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The documents where this entity occurs most often are shown below. Click on a document to open it.

Document Max. Freq Min. Freq
Herodotus, The Histories (ed. A. D. Godley) 274 0 Browse Search
Diodorus Siculus, Library 26 0 Browse Search
Xenophon, Cyropaedia (ed. Walter Miller) 22 0 Browse Search
Polybius, Histories 18 0 Browse Search
Xenophon, Anabasis (ed. Carleton L. Brownson) 12 0 Browse Search
Pausanias, Description of Greece 6 0 Browse Search
Xenophon, Minor Works (ed. E. C. Marchant, G. W. Bowersock, tr. Constitution of the Athenians.) 4 0 Browse Search
Aristophanes, Wasps (ed. Eugene O'Neill, Jr.) 4 0 Browse Search
Aeschylus, Persians (ed. Herbert Weir Smyth, Ph. D.) 4 0 Browse Search
T. Maccius Plautus, Miles Gloriosus, or The Braggart Captain (ed. Henry Thomas Riley) 2 0 Browse Search
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Browsing named entities in Aristophanes, Wasps (ed. Eugene O'Neill, Jr.). You can also browse the collection for Sardis (Turkey) or search for Sardis (Turkey) in all documents.

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Aristophanes, Wasps (ed. Eugene O'Neill, Jr.), line 696 (search)
Philocleon Can it be I am treated thus? Oh! what is it you are saying? You stir me to the bottom of my heart! I am all ears! I cannot express what I feel. Bdelycleon Consider then; you might be rich, both you and all the others; I know not why you let yourself be fooled by these folk who call themselves the people's friends. A myriad of towns obey you, from the Euxine to Sardis. What do you gain thereby? Nothing but this miserable pay, and even that is like the oil with which the flock of wool is impregnated and is doled to you drop by drop, just enough to keep you from dying of hunger. They want you to be poor, and I will tell you why. It is so that you may know only those who nourish you, and so that, if it pleases them to loose you against one of their foes, you shall leap upon him with fury. If they wished to assure the well-being of the people, nothing would be easier for them. We have now a thousand towns that pay us tribute; let them command each of these to feed twenty Athen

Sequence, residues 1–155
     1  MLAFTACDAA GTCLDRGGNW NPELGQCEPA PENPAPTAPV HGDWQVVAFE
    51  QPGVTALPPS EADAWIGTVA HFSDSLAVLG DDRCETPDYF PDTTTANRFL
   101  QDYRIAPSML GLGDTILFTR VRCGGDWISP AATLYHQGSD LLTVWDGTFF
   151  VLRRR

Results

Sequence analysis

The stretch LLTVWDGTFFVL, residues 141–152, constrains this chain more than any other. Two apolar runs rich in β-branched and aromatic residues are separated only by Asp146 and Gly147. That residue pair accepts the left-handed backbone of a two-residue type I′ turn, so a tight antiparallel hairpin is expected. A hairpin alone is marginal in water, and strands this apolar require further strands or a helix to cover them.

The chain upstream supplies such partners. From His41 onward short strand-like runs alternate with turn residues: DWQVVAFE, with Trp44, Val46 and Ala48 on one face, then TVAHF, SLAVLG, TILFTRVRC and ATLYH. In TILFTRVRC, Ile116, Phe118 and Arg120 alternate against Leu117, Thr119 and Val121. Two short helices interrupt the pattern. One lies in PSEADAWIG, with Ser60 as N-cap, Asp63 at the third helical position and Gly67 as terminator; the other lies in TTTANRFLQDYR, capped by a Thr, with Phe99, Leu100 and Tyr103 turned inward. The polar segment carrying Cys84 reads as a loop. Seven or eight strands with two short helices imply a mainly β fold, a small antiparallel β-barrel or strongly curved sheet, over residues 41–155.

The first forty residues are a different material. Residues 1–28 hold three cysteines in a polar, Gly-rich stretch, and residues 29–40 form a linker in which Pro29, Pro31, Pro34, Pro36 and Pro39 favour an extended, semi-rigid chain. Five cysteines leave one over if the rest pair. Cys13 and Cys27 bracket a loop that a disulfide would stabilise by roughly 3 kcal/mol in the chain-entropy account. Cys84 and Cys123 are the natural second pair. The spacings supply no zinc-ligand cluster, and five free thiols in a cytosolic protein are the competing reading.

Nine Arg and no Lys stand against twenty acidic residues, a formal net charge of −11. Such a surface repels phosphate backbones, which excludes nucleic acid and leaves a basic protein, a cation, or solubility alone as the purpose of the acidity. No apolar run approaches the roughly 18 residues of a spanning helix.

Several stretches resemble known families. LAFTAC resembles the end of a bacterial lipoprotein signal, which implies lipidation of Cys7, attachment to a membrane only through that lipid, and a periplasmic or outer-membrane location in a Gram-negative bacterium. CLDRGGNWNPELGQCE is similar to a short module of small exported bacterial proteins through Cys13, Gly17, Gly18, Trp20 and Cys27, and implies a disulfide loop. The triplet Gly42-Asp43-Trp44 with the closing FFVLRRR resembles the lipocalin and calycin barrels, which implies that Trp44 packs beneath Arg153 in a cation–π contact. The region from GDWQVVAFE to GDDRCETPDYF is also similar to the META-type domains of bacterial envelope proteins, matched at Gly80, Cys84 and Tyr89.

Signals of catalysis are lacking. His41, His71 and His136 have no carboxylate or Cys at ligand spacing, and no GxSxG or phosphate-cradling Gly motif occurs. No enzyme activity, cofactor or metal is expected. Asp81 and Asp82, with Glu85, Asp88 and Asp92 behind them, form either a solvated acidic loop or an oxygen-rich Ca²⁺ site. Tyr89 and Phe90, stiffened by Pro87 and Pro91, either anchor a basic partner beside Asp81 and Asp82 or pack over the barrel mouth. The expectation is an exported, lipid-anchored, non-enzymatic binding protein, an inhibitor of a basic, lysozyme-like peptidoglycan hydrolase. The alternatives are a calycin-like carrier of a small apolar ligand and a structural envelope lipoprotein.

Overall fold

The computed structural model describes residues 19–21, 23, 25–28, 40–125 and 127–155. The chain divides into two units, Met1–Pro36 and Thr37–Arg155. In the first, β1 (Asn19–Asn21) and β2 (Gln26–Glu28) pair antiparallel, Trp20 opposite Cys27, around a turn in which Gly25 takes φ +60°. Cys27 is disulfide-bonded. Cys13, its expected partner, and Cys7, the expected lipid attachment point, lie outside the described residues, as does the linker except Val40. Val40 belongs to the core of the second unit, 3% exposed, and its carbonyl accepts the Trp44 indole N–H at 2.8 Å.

Aristophanes, Wasps (ed. Eugene O'Neill, Jr.), line 1122 (search)
t must I do? Bdelycleon Take off your cloak, and put on this tunic in its stead. Philocleon Was it worth while to beget and bring up children, so that this one should now wish to choke me? Bdelycleon Come, take this tunic and put it on without so much talk. Philocleon Great gods! what sort of a cursed garment is this? Bdelycleon Some call it a pelisse, others a Persian cloak. Philocleon Ah! I thought it was a wraprascal like those made at Thymaetis. Bdelycleon No wonder. It's only at Sardis you could have seen them, and you have never been there. Philocleon Of course not, but it seems to me exactly like the mantle Morychus sports. Bdelycleon Not at all; I tell you they are woven at Ecbatana. Philocleon What! are there woollen ox-guts then at Ecbatana? Bdelycleon Whatever are you talking about? These are woven by the barbarians at great cost. I am certain this pelisse has consumed more than a talent of wool. Philocleon It should be called wool-waster then instead of pelis